Rhonda and I chatted about the media's latest love affair with the Moon.
She was irked by the "pink Moon" articles. Many gave the impression that the Moon would appear pink in colour. Some images showed a rising/setting satellite with an obvious colour shift. Some images showed a pink background! I even found an ostentatious article on the CBC web site. All that said, a good number of the articles (if you read far enough) clarified the Moon would not appear pink. The term was referring to a pink flower that often blooms this time of year.
I relayed by consternation about "super" Moons. She agreed. Large Moons are not new. This has been happening for a long time. Before recorded history. The Moon's orbit is elliptical. Apogee and perigee. I don't like how many articles give the impression to the reader that the Moon will appear larger in the sky.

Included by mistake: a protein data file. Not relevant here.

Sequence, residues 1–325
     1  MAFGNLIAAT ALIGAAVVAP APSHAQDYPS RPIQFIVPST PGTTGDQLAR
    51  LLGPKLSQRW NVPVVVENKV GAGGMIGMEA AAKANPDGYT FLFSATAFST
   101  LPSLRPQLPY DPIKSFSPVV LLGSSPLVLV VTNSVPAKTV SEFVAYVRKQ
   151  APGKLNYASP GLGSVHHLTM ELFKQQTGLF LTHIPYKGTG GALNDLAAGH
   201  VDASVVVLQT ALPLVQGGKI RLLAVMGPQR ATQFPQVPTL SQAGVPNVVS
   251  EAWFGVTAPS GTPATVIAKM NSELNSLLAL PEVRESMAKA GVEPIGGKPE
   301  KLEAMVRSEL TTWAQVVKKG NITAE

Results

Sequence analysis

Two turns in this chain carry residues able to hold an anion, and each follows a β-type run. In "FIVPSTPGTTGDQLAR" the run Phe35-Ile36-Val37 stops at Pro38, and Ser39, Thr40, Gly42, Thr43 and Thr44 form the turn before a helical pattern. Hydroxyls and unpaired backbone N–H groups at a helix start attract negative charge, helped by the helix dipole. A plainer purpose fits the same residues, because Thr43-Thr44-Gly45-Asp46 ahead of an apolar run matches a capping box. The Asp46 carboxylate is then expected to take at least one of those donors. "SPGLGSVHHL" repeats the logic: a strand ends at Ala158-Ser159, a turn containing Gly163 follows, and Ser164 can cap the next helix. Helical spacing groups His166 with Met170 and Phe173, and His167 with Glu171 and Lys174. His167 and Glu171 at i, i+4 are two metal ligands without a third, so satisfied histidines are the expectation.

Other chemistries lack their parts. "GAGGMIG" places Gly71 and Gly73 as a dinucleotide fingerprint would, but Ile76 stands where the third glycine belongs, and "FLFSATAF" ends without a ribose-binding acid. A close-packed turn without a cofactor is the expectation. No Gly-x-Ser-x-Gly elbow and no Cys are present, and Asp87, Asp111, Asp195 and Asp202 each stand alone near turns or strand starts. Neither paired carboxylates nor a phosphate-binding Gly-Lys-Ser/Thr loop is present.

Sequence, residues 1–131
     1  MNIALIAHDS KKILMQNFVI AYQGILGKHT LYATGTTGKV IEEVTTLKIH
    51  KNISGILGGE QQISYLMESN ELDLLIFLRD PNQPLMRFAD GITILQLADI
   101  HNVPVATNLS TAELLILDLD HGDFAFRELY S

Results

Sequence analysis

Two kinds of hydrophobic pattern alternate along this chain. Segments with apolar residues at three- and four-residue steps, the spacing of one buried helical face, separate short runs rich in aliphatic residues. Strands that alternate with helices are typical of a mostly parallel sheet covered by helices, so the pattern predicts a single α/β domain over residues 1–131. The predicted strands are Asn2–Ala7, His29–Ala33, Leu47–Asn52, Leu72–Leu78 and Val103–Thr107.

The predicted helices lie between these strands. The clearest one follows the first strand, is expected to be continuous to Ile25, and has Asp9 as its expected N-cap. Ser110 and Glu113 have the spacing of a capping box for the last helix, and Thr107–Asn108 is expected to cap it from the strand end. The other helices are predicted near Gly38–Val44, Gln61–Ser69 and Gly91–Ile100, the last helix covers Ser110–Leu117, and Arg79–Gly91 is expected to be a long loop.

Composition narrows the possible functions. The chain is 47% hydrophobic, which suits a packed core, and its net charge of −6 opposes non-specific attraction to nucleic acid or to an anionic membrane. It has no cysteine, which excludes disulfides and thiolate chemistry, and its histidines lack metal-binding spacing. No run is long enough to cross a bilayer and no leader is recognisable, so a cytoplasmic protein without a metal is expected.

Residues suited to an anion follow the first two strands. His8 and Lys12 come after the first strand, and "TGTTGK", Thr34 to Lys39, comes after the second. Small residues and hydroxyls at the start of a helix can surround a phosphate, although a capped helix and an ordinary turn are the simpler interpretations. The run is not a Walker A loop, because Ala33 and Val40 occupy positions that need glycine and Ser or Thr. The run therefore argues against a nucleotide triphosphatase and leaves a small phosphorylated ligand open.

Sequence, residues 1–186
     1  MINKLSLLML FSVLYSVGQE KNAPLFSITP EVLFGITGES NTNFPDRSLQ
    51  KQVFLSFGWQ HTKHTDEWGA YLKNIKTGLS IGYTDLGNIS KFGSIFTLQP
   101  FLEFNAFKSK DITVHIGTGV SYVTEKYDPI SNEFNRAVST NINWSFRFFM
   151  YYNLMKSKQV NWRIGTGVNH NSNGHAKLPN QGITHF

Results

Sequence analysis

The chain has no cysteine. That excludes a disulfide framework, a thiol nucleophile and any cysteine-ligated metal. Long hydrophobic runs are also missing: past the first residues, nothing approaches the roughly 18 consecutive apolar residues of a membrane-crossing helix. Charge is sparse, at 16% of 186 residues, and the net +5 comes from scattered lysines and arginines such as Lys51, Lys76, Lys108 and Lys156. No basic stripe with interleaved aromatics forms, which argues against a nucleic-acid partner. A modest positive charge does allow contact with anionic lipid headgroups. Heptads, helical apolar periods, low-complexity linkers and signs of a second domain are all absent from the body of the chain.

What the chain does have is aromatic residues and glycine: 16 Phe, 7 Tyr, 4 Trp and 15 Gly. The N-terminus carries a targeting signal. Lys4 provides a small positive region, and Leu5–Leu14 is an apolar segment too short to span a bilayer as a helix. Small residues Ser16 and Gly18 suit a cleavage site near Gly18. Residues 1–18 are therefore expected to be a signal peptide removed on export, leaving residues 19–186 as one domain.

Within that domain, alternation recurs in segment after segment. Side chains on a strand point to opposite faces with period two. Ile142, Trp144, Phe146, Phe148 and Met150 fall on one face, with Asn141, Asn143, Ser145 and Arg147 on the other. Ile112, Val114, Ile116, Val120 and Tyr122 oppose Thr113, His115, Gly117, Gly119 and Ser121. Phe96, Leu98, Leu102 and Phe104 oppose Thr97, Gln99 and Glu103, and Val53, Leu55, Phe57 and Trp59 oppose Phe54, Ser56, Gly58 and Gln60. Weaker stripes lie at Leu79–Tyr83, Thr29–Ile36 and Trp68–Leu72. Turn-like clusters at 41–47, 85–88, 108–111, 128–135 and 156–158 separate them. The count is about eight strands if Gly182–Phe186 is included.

Something crystallised (at last). I shared that I was worried about people losing interest. These articles raise expectations and people that go outside and look (itself, a good thing) may become discouraged when they experience nothing unusual. They may exclaim, "the Moon's not blue!" Or, "It doesn't look pink to me." Worse: "It doesn't look bigger than usual..." It's the crying-wolf effect.
I'd much rather see pieces with managed expectations and more scientific facts. But, I guess, science is boring.
"Click bait!" I remarked. We agreed the newspapers and media outlets are trying to make more money.